You become extremely insular. You know, you’re very focused, aren’t you? And what you are doing and what’s happening. And in the grand scheme of things, it’s gonna be fine. And I think you have to be a bit humble and, and appreciate. It could have been nothing. It could have really gone like tits up right. And not happened at all.

So I think we just take that we’re quite fortunate.We’re all very privileged, aren’t we really in our lives? If you’re managing to own a house and then spend money doing it up.

Jane: You’ve explained the experience so well, and I think it’s gonna be really useful for people because it’s a reality that a lot of people face and perhaps if you are in the middle of that, you wanna know that it’s possible to come out of the other side.

Katie: Yeah, it’s gonna be okay.

Amy: Thanks so much for your time, uh, today and revisiting your experience with us, and it really just makes the finish home even more incredible when you know the story behind it, . And, uh, for anyone who wants to see Katie’s finished home, take a look on our website at homenotes.co/storiesfromsite or I’d a hundred percent recommend following Katie over on Instagram, and we will put her link to her profile in the show notes below. Okay, that’s all for today’s episode, have an amazing week and we’ll see you next time.

Thanks for taking the time to listen to this episode. Renovating can be a rollercoaster and if you are at the beginning of your renovation journey, come and find out about our Getting Started Course at homenotes.co to make sure you get the best value from your project. Finally, if you’ve enjoyed this episode, then please do follow or subscribe wherever you get your podcasts, as it will help us reach as many people as possible and all learn from these amazing experiences.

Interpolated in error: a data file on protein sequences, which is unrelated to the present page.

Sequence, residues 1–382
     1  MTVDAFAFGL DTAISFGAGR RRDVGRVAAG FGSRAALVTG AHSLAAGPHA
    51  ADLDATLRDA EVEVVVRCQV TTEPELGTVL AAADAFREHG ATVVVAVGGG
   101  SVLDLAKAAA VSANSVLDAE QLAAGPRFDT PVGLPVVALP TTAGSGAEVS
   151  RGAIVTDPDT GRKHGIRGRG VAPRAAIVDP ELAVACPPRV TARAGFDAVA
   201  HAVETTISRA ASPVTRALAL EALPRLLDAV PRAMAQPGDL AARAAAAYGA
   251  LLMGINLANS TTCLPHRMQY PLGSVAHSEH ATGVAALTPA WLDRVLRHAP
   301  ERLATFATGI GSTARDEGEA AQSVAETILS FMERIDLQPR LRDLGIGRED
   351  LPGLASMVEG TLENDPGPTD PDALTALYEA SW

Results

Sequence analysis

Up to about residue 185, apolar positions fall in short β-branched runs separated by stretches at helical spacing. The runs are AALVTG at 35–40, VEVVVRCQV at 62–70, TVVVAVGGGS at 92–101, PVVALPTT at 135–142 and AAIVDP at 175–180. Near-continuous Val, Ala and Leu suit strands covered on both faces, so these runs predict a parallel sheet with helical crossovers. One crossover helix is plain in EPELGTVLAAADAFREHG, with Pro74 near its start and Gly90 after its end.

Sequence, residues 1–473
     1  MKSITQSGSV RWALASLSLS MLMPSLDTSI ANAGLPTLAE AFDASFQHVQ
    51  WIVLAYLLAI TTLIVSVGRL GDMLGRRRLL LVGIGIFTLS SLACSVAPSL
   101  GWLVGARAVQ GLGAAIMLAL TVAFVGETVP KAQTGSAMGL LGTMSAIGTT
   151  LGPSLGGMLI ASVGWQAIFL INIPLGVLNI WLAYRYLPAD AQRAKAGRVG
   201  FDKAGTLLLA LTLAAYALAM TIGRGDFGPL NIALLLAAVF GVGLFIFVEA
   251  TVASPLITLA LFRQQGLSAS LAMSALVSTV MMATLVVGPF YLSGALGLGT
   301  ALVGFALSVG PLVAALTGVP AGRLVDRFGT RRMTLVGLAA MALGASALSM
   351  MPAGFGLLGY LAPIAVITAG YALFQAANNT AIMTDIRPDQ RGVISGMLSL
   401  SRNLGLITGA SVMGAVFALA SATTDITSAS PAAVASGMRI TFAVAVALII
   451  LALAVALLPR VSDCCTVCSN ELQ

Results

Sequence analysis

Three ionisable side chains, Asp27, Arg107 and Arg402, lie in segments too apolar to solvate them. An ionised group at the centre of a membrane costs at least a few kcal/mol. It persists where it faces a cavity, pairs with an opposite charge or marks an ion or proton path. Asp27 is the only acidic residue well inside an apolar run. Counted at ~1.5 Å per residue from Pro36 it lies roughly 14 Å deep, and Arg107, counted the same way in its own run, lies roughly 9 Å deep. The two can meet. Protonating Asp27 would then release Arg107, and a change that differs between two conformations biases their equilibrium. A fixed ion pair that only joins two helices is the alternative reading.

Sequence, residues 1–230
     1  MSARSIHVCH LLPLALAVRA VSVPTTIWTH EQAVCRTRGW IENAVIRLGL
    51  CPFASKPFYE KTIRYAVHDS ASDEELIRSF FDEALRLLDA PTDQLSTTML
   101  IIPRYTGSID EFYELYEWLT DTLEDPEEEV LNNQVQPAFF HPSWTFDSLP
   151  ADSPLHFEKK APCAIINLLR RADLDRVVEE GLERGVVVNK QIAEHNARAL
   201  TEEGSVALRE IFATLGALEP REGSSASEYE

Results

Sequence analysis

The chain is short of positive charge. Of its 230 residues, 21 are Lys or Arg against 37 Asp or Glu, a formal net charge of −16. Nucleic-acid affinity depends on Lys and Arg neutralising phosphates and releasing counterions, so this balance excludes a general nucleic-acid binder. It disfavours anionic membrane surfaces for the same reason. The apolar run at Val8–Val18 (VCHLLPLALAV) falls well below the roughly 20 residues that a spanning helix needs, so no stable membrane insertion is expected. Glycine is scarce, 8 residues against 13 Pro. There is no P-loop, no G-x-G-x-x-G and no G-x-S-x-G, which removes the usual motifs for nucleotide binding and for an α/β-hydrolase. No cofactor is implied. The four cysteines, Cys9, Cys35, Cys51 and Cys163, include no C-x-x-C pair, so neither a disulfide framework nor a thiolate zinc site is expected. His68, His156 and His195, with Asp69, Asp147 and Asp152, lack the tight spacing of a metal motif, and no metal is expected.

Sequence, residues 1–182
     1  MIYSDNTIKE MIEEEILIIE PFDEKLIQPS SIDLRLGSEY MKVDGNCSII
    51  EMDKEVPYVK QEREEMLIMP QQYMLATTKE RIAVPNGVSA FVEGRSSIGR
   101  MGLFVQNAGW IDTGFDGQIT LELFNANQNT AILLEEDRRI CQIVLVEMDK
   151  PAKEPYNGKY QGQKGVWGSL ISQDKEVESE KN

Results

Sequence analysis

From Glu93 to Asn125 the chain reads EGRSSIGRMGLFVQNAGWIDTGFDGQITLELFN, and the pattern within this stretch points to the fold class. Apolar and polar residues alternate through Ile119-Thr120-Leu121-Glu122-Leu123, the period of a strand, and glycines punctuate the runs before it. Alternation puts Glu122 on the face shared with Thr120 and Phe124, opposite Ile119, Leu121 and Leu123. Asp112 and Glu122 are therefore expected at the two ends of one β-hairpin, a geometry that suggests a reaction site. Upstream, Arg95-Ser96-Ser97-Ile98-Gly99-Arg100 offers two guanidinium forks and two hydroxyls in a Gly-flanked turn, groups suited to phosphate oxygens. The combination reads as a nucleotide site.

Our closing thoughts:

Being left in the lurch is one of the greatest fears for anyone renovating, and could even put you off starting a project!

Our top tips? It’s essential to do your checks and references on all your team, and it’s good to remember there are good people out there.

If you would like to be a guest on the podcast, we’d love to hear from you! Get in touch with us here.

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4. A joyful renovation: You just need the right people

We talk with Elesa and Steve who who found a run-down house that needed a complete back-to-brick renovation. They had the best experience renovating, and not a lot of people end up saying that! Find out the secret to their success in this week’s episode!

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3. The self-finished renovation with Lydia from Fettle Studio

Today we’re chatting to Lydia about the extension and renovation of her one bedroom flat in London. Lydia is an architect and ceramicist with her own practice Fettle Studio. Together with her partner architect, Dan Ruddick, they wanted to wholeheartedly get involved in the build process.

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2. Taking on the challenge of being a main contractor

We recently caught up with Nick and Dawn past clients of ours and reflected back on the project we did together. With some experience in construction project management, they took on the role of being the main contractor and employed separate trades to help them complete the works, all while juggling full-time jobs and having a baby.

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1. Project managing a renovation during lockdown with Kirsty

This week we talk to Kirsty about managing a renovation direct with her builder while home schooling and a full time job.